callie.thompson@ac4d.com

Alumni

Callie Thompson

Callen Thompson is an artist and textile designer living in Austin, Texas. She studied art at Dartmouth College and Cranbrook Academy of Art.

Callen was born in Melrose, Florida, a sleepy town with 27 lakes and one stoplight. She was raised in the woods, in a house her homesteading parents built by hand. As a sixth-generation Floridian, Callen was taught by her family to always respect the land, especially in a state that cedes often to the interests of development. She honors and protects the land through non-profit work in land conservation, urban organic veggie gardening and a visual practice inspired by the natural patterning of landscapes.

Callen’s work has been featured on Apartment Therapy, Pattern Pulp, Art Hound, and in the West Elm catalogs. She has had solo exhibitions at Gallery Black Lagoon, the West Elm Emeryville flagship and on Buy Some Damn Art. In summer of 2012 Callen joined the Girl’s Guild, a project of AC4D alums Diana Griffin and Cheyenne Weaver. More of her work can be found on: callenthompson.com

Recent blog posts

How designers change their surroundings

For this position diagram, I focused on the following three articles: Edward de Bono. “Serious Creativity.” Journal for Quality and Participation Sept. 1995: 12-18. Print. Karl E. Weick and Kathleen M. Sutcliffe. “Organizing and the Process of Sensemaking.” Organization Science July/August 2005: 409-421. Donald A Schön. “Problems, frames and perspectives on designing.” Design Studies July 1984:…

Each moment you are happy is a gift to the world

There is a lot of suffering in human society, and plenty of well-intentioned efforts to alleviate that suffering. But sometimes, a key component goes missing from the problem-solving efforts-  personal well-being and grounded happiness. Social workers are familiar with this concept in the form of “self-care for the caregiver.” Social workers work to maintain their…

Genevieve Bell and my dad would be friends…

In our Theory of Interaction Design and Social Entrepreneurship course with Chris Risdon, we read several batches of readings around technology and human experience. Inspired by Jessica Hagy’s ThisIsIndexed, I made several diagrams referencing our Theory readings. Here’s my favorite, an homage to my dad and Genevieve Bell:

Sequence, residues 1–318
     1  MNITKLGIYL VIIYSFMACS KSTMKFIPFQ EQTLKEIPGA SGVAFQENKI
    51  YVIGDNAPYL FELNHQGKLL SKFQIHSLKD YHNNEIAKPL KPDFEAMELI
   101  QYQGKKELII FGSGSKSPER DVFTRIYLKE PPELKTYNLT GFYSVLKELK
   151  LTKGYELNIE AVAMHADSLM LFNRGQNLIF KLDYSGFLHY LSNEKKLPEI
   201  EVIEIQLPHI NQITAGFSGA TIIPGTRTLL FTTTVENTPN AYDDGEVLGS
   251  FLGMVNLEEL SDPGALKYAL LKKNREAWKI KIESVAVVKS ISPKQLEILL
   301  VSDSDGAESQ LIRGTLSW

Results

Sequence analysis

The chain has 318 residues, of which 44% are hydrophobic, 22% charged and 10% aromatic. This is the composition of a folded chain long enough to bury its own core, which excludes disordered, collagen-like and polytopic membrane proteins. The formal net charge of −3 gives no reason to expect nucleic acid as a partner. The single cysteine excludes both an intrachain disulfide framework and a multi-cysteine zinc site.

Sometimes technology doesn't do it for you.

A tongue in cheek visualization of my current musings on technology in my life:

Venn Diagrams based on Marsden

I thought about Marsden’s article “People are People, but Technology is not Technology” and applied it to my team’s research into aging in place and elders and technology. Here is my distillation:

Technology and Human Experience

As an exploration of the role of technology in our lives, I wrote the pieces below:    

Working Towards a 'Transparent-Box' of Aging

This blog post explores a few topics: My AC4D group’s design research into aging populations and computing technology “Old People Everywhere” Family’s ability to teach seniors technology Black-box aging My AC4D research group is studying aging populations, technology and “Aging in Place.” All four of us are in our late 20s or early 30s and…

Position Diagram No. 4 – The difficulties of solving complex problems

In the past two weeks at the Austin Center for Design, we’ve been exploring the difficulties designers face when attempting to solve complex problems. My position on this topic is expressed below in a triptych of diagrams. They refer to the following readings: “Judgment under Uncertainty: Heuristics and Biases” by Amos Tversky and Daniel Kahneman; “The…

Position Diagram No. 3 – Ubiquitous Technology

This week, for Jon Kolko’s class, our position diagrams addressed the outcome of ubiquitous technology in the developing world. The catch was that many of us had distinct aesthetic restrictions (mine included the use of only Helvetica, 9 pt), and we weren’t allowed to speak to explain our diagrams as we presented them. The constraints…

Learning about Urban Agriculture

My group in Lauren Serota’s “Interaction Design Research and Synthesis” course is studying urban agriculture education in Austin. We’re interested in the challenges, wins, barriers and victories of teaching urban agriculture in the Austin community. Specifically, we are focused on the experience of a person teaching urban agriculture and, through design thinking, we aim to…

Design Research Methodologies – A Position Diagram

The task this week was to illustrate our stance on design research methodologies- particularly whether designers should be designing alongside their end users through co-creative work or designing for their end users through more removed design processes. I distilled our readings  (see footnotes in diagram for supporting quotes) down into the following charge for designers. I…

Self-Efficacy Part 1

Self-efficacy is the belief in one’s capability to achieve a goal or an outcome. The crux of being a designer is that a) you believe in your ability to notice what needs to change and b) you believe you can change them effectively.  If design was taught as a new liberal art in K-12 education,…

The Designer's Task within Society

The theories of Bernays, Buchanan, Chochinov, Papinek and Vitta can be used to inform the designer’s role in society. The rallying cry of Chochinov (“stop making crap”); the power handed to the designer in Bernays’ reminder that public opinion is malleable and can be shaped; Papanek’s admonishment to stop creating sexy objects and tackle bigger…

The Rise of the Compassionate Designer

Jon Kolko posted two bullet points in his syllabus on Monday that struck me: What is the role of the designer in shaping culture Given that the designer’s impact on society is diffused The first bullet point reminded me of a 2009 article by Holland Cotter in the NYTimes, “The Boom is Over, Long Live…

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